As we asked the questions, we noticed that the script contained more than just the typical ‘past experience’ type of questions. We had open, closed and hypothetical questions too. I didn’t miss at all the ‘tell me a time when you have….’ repetition!

 

From my years of interviewing, I’ve always found that people’s responses to past experience situations can give you a good insight into what they can do or have done.

 

But some examples I’ve heard have been really dated – last week, I heard a candidate sharing something that they did three years ago. Does it mean that they can deliver these behaviours for our organisation tomorrow?

 

What was really new to me (and the team) was being allowed to assess for body language. Capp had trained us to not only look at the candidate’s response but how the candidate delivered the response.

 

I noticed that the way that a candidate delivers their response to a question really is unique – we assessed tone, the type of language that someone uses, their authenticity and how engaged they are.

 

These factors really brought the questions to life. In many cases, we were really able to tell if someone simply could spot mistakes, or indeed whether they loved to spot mistakes!

 

So what remains of my earlier fear – that today’s candidates won’t have much experience in our industry? Well it wasn’t a problem!

 

One candidate in particular was so energised. She talked about her passion for what we do and how she can make an impact. This raw energy and motivation was something that I’ve seen and was able to objectively assess.

 

It’s such a great feeling to have total confidence in who you are selecting, with great evidence to support your decisions as well!

 

The best way to really understand what an SBI is all about, is to see it in action – and if you like; you can play the role of the assessor! If you’re a major employer, please contact us at capp@cappeu.com to benefit from a free demonstration.

 

In the meantime, look out for our next blog exploring the experience of the SBI from a candidate’s perspective…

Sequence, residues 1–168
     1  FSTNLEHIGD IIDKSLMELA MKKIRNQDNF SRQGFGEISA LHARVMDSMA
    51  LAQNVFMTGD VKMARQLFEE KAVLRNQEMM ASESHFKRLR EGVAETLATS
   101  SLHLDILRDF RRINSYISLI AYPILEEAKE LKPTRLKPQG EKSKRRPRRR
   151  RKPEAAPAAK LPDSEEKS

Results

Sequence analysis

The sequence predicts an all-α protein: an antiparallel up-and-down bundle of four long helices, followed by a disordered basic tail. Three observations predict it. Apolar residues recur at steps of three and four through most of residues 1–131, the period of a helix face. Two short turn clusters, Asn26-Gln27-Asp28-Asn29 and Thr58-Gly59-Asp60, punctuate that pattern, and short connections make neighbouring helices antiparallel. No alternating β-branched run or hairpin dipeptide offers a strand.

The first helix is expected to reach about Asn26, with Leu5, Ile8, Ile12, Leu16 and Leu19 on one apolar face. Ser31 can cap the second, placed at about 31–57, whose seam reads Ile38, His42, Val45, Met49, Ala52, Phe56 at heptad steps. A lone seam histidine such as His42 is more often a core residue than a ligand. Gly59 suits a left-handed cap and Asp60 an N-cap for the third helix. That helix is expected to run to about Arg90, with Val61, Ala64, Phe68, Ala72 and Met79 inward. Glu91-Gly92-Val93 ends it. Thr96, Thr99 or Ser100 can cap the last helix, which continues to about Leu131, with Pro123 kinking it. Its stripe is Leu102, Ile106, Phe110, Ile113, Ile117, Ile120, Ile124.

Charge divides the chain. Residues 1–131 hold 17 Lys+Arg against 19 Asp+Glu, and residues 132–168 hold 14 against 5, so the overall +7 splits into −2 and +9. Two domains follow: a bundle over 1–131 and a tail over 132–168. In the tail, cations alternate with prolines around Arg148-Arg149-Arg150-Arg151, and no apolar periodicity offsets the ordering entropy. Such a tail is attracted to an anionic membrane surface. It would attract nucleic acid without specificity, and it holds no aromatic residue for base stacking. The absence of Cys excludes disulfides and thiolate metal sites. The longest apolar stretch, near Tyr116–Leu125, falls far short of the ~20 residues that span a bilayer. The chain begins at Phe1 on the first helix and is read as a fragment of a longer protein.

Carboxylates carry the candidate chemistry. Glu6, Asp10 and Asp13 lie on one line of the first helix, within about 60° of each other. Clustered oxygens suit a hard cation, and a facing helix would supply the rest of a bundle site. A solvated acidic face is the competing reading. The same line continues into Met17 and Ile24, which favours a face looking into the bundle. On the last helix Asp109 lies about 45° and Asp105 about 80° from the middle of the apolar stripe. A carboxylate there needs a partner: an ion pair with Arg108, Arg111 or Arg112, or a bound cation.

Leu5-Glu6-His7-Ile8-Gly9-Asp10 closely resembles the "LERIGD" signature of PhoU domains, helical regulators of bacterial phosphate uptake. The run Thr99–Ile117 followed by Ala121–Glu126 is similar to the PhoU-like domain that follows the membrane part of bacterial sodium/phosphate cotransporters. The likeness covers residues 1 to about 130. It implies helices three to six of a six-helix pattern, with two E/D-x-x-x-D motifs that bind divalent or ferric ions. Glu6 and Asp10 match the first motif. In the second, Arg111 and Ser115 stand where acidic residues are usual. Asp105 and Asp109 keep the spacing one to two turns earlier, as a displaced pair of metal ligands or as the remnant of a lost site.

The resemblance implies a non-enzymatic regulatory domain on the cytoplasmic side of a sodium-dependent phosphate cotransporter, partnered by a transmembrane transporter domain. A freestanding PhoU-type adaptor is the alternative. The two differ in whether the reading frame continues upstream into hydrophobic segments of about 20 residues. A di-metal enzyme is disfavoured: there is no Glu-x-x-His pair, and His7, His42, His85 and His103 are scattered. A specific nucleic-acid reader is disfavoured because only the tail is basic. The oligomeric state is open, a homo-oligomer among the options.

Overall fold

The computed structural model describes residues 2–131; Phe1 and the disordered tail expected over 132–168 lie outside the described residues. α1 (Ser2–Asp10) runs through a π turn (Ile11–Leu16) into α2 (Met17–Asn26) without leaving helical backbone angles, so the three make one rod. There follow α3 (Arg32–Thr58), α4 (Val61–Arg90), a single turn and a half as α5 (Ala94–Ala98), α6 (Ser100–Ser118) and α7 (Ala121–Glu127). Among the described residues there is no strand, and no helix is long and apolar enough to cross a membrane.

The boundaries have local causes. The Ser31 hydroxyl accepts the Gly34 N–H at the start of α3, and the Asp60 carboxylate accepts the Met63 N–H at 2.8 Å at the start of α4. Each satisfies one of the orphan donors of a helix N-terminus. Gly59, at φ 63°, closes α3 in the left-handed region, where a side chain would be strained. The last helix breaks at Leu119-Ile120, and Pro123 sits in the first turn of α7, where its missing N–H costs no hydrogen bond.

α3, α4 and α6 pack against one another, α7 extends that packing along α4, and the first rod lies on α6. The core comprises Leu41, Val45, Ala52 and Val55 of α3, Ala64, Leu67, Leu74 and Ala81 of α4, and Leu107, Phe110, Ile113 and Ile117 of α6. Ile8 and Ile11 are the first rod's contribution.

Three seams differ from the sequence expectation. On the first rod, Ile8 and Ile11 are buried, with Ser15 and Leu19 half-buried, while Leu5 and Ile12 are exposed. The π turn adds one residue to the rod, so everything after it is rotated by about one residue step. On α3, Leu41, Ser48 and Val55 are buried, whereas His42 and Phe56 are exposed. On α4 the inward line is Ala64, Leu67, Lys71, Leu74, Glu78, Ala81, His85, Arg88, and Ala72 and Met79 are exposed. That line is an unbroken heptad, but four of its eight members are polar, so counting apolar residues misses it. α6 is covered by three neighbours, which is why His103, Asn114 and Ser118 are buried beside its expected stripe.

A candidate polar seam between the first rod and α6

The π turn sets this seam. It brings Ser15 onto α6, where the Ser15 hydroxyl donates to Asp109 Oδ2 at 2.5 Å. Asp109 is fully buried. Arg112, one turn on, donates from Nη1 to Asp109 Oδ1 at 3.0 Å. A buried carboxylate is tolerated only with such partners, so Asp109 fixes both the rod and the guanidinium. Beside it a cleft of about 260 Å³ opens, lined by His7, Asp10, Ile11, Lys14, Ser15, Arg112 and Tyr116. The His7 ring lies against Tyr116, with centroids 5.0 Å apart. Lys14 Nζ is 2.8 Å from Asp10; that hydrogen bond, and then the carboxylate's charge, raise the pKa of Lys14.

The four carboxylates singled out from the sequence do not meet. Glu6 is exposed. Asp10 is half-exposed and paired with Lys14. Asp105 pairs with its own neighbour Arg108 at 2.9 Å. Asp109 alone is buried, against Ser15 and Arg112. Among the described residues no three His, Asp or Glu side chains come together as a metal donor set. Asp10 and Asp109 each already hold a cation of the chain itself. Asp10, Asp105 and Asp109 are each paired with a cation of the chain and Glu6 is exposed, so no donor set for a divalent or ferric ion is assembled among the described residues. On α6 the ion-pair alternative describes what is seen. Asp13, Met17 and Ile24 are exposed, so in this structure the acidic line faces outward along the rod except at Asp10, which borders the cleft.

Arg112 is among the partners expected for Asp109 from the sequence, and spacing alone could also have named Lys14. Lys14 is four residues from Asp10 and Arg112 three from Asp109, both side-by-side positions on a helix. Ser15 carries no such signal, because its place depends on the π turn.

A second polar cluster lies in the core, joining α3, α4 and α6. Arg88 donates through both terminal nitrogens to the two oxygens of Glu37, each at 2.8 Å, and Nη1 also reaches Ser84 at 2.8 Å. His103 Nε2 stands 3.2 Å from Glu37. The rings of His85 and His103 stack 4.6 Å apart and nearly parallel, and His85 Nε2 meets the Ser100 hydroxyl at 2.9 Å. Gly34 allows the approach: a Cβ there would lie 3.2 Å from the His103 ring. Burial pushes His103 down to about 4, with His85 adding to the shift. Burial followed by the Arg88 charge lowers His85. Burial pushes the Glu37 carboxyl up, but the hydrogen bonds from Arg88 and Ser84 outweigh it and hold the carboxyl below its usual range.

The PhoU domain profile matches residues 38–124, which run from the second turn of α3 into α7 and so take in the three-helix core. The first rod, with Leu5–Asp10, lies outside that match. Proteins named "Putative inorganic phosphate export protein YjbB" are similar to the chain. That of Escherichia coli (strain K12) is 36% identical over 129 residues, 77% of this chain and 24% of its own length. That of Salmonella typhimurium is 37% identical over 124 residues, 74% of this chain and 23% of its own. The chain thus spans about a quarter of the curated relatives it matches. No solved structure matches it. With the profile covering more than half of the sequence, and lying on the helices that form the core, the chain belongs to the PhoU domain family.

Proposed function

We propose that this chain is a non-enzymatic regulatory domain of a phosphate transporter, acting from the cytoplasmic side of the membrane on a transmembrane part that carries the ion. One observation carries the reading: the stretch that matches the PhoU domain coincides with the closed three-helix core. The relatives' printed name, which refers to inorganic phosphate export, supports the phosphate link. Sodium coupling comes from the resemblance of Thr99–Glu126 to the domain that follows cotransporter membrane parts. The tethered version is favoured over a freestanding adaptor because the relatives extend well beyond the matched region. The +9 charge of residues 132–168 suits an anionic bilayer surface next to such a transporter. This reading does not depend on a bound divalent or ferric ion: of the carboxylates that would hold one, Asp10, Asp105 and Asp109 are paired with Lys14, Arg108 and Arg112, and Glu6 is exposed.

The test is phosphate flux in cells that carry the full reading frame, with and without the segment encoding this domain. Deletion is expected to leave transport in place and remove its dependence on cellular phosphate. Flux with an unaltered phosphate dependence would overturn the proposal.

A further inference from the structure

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What is a Strengths-based Interview (SBI)?

Posted by: Celine Floyd, Managing Psychologist, Capp

 

So you’re an interviewer and it’s your 8th interview of the day. Your 8th ‘probe’ into generic ‘communication’ and ‘team work’. Your 8th ‘Duke of Edinburgh’ example. The candidates’ answers have been ‘reeled off’, and you just can’t tell if you really ‘believe it’. They looked good on paper, and they sound good.

 

But ARE they good? You still can’t tell if they are the right fit for your organisation. You would love to know what they are really passionate about, and what is really special about them. You look at your interview script and feel that sense of despair – you know that with these questions you are never going to really get to know the candidate in front of you.

 

A sad story, for you, and for them.

 

We feel your pain. In fact many of Capp’s consultants started life in the design, training and delivery of competency-based interviews. Until we saw the opportunities of the strengths-based interview (SBI)!

 

Used by major employers including Nestle, Ernst & Young, Barclays, Standard Chartered Bank, Harris + Hoole, Birmingham City Council and Thomson Reuters, strengths-based interviews are changing the face of interviewing for the better. But what actually is an SBI?